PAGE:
"Many Turks would not describe themselves as living in a Muslim country," he points out, quoting a comment made recently by Israeli president Shimon Peres, who paid a three-day state visit to the Turkish capital Ankara last month, to the effect that Turkey does not have a religious government so much as a government comprised of religious people. At the same time, however, most observers agree that the country is drifting away from its secular roots to a more religious identity.

Nevertheless, Turkey remains for now “a secular country whose constitution has very strong anti-religious provisions,” says Katz, noting that a woman in Turkey cannot even study at a university with a headscarf. A majority of the people he interacts with in Istanbul "are Muslims in the same way that many Israelis or Americans are Jews: it's something that informs their identity only."

Unlike Israel, however, most Turkish academics also have a full-time job at the moment. Faculty members at universities throughout Israel have been on strike for all of the current academic year in pursuit of a 20-percent pay raise. Affecting 120,000 students, the strike dates back to a long-running dispute between the country's academic union and the government over salary levels that have remained frozen for the past six years.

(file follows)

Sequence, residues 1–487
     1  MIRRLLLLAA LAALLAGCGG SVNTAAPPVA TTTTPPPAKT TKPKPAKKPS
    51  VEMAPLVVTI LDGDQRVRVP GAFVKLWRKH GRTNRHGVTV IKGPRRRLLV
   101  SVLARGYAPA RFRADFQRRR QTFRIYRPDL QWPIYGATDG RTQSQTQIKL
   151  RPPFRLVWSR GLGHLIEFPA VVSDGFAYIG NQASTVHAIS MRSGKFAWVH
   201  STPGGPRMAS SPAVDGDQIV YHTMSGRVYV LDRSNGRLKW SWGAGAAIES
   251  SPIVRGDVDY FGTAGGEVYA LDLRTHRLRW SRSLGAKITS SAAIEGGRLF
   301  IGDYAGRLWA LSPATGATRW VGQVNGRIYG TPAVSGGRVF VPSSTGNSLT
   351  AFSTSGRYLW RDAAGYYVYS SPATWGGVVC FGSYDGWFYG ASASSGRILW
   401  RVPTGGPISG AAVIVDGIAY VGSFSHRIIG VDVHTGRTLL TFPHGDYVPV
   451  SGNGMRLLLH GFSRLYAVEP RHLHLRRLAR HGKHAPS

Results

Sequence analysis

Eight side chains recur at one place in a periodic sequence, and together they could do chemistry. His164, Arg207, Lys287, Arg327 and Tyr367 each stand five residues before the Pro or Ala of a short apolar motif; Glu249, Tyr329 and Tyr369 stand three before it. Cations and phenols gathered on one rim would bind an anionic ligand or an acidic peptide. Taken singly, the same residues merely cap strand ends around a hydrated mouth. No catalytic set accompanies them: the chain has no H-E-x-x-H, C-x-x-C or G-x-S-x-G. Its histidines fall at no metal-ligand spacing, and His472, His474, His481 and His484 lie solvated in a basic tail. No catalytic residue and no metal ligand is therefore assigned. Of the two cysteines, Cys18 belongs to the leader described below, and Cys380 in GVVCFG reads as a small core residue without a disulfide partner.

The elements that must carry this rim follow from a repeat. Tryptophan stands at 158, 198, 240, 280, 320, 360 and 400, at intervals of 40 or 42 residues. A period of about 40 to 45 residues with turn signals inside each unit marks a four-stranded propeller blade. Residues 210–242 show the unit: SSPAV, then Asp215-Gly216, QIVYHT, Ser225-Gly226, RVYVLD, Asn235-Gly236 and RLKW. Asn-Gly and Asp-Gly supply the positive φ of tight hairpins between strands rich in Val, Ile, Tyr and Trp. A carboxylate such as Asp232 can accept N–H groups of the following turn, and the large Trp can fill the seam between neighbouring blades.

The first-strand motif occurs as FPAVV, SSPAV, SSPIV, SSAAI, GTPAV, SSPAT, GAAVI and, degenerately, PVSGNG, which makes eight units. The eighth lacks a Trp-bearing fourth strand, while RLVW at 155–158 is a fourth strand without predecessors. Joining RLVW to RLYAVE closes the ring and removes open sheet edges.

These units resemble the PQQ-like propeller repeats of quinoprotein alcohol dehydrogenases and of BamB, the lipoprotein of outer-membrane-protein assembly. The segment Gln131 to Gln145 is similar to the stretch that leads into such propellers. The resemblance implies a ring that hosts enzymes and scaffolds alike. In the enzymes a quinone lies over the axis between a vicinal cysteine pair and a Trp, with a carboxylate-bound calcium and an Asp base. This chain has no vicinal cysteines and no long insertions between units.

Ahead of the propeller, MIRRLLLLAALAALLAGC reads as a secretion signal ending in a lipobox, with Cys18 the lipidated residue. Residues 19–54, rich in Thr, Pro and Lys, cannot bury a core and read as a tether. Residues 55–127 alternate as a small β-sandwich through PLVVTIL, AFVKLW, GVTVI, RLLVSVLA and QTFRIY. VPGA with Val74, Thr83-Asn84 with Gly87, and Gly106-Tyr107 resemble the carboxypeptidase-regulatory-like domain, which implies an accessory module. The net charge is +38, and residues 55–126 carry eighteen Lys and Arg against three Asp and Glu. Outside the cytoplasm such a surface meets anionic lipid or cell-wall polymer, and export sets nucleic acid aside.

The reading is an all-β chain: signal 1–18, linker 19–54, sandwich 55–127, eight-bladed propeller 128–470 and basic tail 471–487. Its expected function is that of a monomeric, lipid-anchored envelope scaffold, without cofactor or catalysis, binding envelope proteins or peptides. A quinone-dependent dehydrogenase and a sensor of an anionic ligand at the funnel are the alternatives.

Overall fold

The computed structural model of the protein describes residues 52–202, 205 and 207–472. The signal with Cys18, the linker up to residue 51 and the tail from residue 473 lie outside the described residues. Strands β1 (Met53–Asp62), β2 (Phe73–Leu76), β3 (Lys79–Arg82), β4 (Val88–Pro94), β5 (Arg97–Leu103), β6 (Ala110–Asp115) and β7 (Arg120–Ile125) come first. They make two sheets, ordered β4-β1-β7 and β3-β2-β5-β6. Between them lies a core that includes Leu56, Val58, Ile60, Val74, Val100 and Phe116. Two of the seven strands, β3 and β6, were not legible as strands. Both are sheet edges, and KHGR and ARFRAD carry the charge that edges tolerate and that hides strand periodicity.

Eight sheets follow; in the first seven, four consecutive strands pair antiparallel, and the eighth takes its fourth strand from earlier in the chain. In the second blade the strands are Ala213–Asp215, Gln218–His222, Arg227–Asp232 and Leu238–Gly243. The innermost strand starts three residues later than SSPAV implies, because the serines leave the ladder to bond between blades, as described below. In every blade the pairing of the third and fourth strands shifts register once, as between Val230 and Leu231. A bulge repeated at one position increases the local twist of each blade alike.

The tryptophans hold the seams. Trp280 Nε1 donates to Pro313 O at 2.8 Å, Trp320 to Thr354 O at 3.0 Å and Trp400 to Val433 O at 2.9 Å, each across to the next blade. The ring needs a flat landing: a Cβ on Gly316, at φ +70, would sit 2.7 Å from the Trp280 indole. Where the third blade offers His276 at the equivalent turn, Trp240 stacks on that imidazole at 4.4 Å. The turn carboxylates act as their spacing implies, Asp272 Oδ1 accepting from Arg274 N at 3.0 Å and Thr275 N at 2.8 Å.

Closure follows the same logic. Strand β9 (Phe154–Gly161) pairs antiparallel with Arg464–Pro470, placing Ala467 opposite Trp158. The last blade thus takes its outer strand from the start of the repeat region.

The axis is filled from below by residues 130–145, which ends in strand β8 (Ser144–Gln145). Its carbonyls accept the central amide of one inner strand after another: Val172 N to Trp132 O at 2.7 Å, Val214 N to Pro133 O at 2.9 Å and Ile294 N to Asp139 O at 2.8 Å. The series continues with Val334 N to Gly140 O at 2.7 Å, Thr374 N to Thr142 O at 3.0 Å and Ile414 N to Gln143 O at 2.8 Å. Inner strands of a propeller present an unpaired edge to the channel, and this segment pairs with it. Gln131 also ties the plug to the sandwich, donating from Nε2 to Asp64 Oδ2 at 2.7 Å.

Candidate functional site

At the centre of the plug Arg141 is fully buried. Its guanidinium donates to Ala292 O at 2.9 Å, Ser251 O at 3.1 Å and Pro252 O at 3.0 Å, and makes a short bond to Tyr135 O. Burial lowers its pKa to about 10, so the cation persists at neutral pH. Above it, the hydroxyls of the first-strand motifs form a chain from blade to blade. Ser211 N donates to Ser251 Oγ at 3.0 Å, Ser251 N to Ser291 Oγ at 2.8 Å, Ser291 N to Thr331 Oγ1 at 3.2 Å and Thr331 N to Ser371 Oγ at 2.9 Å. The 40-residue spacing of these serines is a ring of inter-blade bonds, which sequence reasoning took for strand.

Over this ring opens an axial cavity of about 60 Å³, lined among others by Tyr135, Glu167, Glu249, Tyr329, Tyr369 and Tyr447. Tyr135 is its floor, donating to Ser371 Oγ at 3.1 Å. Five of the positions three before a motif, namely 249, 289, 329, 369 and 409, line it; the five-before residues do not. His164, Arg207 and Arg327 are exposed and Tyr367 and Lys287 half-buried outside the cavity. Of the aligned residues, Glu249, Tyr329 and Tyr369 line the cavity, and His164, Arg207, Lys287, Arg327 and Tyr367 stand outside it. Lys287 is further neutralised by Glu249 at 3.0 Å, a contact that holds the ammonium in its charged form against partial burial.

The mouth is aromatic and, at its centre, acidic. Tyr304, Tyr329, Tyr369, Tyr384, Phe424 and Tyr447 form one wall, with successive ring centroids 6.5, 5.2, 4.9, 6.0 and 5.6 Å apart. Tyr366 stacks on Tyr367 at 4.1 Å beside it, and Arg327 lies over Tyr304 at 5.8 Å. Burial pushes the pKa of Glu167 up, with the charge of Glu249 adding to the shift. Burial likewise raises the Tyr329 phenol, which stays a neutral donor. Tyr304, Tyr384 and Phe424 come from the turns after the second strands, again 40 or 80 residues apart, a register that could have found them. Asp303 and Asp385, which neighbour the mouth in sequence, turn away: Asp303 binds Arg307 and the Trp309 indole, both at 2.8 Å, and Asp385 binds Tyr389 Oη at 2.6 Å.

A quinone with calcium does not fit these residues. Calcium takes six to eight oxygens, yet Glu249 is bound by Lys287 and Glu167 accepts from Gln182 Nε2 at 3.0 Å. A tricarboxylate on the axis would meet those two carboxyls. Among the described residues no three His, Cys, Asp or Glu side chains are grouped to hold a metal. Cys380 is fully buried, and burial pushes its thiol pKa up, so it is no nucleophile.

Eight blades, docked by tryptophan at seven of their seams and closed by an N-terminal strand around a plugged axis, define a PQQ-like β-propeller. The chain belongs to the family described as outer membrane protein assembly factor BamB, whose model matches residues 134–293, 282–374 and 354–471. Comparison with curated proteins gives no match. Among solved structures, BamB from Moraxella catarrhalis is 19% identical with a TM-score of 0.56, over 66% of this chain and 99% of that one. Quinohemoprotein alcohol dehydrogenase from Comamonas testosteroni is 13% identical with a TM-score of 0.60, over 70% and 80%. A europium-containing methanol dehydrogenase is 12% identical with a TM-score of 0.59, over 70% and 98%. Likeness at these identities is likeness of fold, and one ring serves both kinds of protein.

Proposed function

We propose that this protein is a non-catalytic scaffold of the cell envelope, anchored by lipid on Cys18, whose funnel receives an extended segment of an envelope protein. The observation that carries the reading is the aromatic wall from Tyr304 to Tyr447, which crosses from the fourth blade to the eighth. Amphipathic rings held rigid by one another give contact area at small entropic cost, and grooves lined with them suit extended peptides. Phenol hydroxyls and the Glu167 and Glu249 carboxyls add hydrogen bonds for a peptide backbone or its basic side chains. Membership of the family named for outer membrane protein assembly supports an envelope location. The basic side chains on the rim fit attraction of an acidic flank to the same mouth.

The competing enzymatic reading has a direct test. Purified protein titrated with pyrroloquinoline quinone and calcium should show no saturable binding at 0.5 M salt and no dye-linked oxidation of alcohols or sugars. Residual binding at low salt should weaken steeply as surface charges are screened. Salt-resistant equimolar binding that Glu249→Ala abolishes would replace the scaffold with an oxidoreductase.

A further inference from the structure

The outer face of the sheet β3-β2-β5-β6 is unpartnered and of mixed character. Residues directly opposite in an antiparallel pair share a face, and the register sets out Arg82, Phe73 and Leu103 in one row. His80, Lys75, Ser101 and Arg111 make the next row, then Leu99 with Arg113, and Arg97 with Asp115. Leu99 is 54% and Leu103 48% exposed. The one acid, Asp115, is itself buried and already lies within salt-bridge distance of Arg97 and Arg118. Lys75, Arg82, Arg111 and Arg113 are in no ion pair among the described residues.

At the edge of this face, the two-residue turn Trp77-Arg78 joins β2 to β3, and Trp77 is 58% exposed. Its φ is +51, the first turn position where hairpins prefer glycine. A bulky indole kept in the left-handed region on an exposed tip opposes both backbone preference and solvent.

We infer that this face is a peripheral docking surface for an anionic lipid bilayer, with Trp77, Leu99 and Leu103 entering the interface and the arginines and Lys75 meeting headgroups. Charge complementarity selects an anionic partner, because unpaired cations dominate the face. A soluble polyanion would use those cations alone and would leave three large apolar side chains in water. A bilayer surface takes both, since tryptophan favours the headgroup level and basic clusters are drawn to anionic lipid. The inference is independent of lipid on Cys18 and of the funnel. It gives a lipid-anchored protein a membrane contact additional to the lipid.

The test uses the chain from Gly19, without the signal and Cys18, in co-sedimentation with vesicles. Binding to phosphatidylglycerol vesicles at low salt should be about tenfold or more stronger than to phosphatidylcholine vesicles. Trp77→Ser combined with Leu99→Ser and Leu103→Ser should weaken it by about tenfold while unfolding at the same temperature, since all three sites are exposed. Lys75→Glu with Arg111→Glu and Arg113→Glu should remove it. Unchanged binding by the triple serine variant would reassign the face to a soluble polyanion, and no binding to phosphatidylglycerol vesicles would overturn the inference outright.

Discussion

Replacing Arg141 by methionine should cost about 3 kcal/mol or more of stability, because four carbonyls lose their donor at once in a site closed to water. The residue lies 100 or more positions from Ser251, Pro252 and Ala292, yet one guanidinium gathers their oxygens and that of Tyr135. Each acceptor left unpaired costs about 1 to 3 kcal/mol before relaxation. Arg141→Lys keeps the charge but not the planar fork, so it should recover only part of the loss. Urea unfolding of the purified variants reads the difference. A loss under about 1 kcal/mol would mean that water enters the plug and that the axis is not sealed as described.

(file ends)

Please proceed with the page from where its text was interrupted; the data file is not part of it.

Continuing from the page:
"The situation here is like a parent who says to a child if they do something again then they can't watch television," says Katz. The government of Israel "hates us" because in 1994 the academic union negotiated a hefty pay rise, and "ever since then they've been waiting to take their revenge," he complains, predicting there will be no easy way out for what has become a "hopeless" stand-off. The Israeli government has said it intends putting the universities on a more sound financial footing.

"It's a shame our strike officially is just about money — we wanted it to be about the erosion of higher education," he says. "And I just don't see how we're going to get out of this. Maybe in retrospect what we should have done was teach as normal but not turn in the grades ... or else turned them into a safe at the union so that people wouldn't lose anything but they also couldn't get on in life."

The Tel Aviv University professor chuckles ruefully. In the sparsely populated academic field that is Israel, at least one notable scholar has something to occupy his time.